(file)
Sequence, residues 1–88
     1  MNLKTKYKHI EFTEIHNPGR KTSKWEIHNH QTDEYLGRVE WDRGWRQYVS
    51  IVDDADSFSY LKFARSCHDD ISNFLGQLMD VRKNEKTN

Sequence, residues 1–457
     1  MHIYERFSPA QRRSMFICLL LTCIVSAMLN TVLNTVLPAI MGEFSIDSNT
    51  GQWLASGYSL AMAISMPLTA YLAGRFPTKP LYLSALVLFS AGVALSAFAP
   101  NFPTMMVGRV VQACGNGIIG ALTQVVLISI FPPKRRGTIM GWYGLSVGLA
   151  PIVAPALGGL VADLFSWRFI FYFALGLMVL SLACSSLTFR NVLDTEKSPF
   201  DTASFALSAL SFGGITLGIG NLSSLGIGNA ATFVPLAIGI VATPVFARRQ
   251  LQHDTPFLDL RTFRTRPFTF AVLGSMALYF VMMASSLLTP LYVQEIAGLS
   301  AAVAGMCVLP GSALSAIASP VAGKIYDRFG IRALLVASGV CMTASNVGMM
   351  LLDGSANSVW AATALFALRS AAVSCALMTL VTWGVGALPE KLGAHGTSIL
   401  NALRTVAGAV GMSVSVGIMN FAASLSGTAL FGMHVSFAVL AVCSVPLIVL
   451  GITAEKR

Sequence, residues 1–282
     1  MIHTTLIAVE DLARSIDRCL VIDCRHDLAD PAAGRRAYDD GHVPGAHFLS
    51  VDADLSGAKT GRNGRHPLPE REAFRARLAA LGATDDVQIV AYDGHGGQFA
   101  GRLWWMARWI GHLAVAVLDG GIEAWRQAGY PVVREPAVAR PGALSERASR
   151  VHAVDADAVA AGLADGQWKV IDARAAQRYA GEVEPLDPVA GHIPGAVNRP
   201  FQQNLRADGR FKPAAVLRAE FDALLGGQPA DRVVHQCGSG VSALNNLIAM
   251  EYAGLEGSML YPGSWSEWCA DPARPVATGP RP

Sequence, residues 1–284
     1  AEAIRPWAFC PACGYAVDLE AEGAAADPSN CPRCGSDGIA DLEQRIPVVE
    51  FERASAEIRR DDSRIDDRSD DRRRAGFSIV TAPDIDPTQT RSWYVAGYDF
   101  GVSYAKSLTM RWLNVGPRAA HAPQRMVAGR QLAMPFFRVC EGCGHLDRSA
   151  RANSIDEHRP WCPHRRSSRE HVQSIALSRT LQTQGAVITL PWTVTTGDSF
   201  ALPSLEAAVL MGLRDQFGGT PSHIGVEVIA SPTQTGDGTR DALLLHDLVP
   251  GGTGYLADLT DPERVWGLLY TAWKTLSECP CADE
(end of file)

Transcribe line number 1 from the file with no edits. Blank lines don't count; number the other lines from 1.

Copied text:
Sequence, residues 1–88